Governor and U.S. Senate, 1989-2018

Gov.
Sen.
2018


2017
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2016
x

2015


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2012


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1989



Introducing...The Candidate

The Campaign Literature Project and Archive provides a unique view of recent American political history through basic campaign literature from general election campaigns for Governor and U.S. Senate across election cycles.

Since 1989 I have collected these materials from Democratic, Republican and third party nominees and independent candidates for the top of the ticket races in the general election.
This is not a partisan endeavor; I'm interested in literature from the candidates irrespective of party.

This project focuses on
general introductory lit. pieces—brochures, leaflets, pamphlets, palm cards, plans, comparison pieces and even recipe cards. These can be thought of as the "introductory handshake" of campaign literature. They are typically found in campaign headquarters, distributed during canvasses and handed out to voters at rallies and events. There are other kinds of campaign literature, ranging from detailed position papers to slick persuasion mailers often used for attacks, that are not considered here.

Ultimately I would like to conduct a content analysis of these materials to understand how campaign literature is evolving over time and what the differences are from cycle to cycle.

I have put up prototype pages for the 2016 and 2017 gubernatorial races and 2017 U.S. Senate special election to give a sense of what I'm aiming for.

To scan all the material will entail a lot of work, as will getting the results and notes  done. Ideally I would like to include shaded interactive maps that show the results by county when they are scrolled over, and I would like show trends (>); this would require technical assistance. (The 2017 pages have static maps as an example).

If you like the idea of this project and have any ideas on resources to support such work, please contact me.


Since I started the project, much has changed in campaign communications; most obviously web sites now provide an easy way for citizens to find out about campaigns and social media have assumed increasingly importance. The ascendence of the web has led to small and large changes in campaign literature. Tri-fold brochures have given way more and more to palm cards. Graphic design has advanced, bringing a broad range of fonts and font treatments and more abundant and varied use of photographs. Depending on the resources and priorities of a campaign, its literature may be beautifully designed and printed on heavy paper stock or more hurriedly thrown together and run off on regular photocopy paper. What matters to the campaign is how effective a piece is.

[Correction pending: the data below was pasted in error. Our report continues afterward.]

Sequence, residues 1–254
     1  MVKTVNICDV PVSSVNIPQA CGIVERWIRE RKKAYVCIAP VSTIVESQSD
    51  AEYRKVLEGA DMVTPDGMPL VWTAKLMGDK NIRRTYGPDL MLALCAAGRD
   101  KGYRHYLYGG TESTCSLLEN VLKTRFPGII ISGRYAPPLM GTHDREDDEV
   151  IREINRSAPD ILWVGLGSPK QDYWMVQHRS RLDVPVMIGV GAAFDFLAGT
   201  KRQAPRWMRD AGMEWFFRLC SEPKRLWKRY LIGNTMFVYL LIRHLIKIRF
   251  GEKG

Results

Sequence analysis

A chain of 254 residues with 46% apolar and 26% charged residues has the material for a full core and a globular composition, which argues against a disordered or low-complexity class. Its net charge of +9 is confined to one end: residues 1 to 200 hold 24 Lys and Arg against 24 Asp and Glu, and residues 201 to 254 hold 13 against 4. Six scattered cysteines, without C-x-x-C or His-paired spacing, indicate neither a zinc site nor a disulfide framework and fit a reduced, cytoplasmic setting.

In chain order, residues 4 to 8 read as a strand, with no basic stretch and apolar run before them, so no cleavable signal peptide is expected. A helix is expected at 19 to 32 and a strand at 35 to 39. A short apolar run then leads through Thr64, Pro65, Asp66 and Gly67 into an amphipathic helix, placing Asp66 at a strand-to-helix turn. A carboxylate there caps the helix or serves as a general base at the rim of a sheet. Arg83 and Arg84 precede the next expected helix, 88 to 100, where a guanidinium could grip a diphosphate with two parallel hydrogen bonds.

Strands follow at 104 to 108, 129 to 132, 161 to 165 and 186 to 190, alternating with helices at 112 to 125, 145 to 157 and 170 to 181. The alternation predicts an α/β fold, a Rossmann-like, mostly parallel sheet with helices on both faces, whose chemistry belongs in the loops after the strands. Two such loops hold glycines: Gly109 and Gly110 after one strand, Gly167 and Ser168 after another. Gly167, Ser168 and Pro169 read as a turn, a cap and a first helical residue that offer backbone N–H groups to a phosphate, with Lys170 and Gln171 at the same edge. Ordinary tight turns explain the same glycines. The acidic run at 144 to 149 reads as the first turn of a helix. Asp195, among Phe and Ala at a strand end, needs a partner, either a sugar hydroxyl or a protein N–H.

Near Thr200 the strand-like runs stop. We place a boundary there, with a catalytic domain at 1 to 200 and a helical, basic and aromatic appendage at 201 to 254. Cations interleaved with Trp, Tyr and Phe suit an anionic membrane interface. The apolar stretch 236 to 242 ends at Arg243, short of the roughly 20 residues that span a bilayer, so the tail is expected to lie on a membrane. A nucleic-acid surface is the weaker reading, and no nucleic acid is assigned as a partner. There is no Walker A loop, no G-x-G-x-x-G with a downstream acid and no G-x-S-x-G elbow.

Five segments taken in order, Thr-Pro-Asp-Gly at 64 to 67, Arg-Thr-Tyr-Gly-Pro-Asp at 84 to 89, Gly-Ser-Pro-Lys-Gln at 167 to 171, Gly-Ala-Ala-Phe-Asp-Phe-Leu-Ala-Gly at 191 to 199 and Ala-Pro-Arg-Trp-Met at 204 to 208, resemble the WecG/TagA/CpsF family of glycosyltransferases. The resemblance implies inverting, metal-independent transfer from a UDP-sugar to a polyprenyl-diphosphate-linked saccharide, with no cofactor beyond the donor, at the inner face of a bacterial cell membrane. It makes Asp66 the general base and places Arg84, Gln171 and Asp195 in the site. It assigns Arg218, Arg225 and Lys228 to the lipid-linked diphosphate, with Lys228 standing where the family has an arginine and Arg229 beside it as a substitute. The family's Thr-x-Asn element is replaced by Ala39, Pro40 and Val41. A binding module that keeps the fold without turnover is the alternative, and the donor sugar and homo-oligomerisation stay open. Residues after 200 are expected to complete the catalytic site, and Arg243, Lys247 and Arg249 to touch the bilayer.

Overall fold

Broadly, content in a brochure or palm card covers two major dimensions: a candidate's experience and qualifications and his or her positions; the proportion devoted to each varies according to the candidate. Many of these pieces have very little substance–sometimes just a few bullet points that it would be hard for any voter to disagree with. The aim may be to pique interest and point people to the campaign website. Nonetheless, the limited space afforded by a piece of paper as opposed to Internet forces a campaign to prioritize and highlight some points.

One expects analysis of the text will reveal differences among several dimensions. The major themes and issues emphasized from election cycle to election cycle are likely to be different. For example, immediately following 9/11, national security was a major concern; in recent cycles jobs and the economy have been key themes. Republican and Democratic materials will show differences in the issues addressed and language used. Literature from governor and Senate races will highlight different sets of issues. Depending on the state, party and ideological labels ("conservative" or "independent") may be important. Other words such as "values," "principles," "leader," "courage" and "fighter" may appear frequently.

The photographs, images and graphics used provide another area for analysis. Photos can include formal family shots or head shots, archival shots of the candidate in younger days, shots of the candidates interacting with voters, stock images such as mountains or energy facilities used as wallpaper, and sometimes composite images. The content analysis may also consider whether the images include symbols such as flags or guns or pets or military imagery.

Logos offer another area of possible analysis. Some logos include the state outline or state symbols; red, white and blue are obvious colors, but there are regional differences (for example green in Vermont and warm colors in New Mexico) and recently there seems to be use of green and blue combinations. 

 
Even in this Internet era, the pieces of campaign literature handed out to voters during canvasses and at events still serve an important purpose, and they are the focus of this project.








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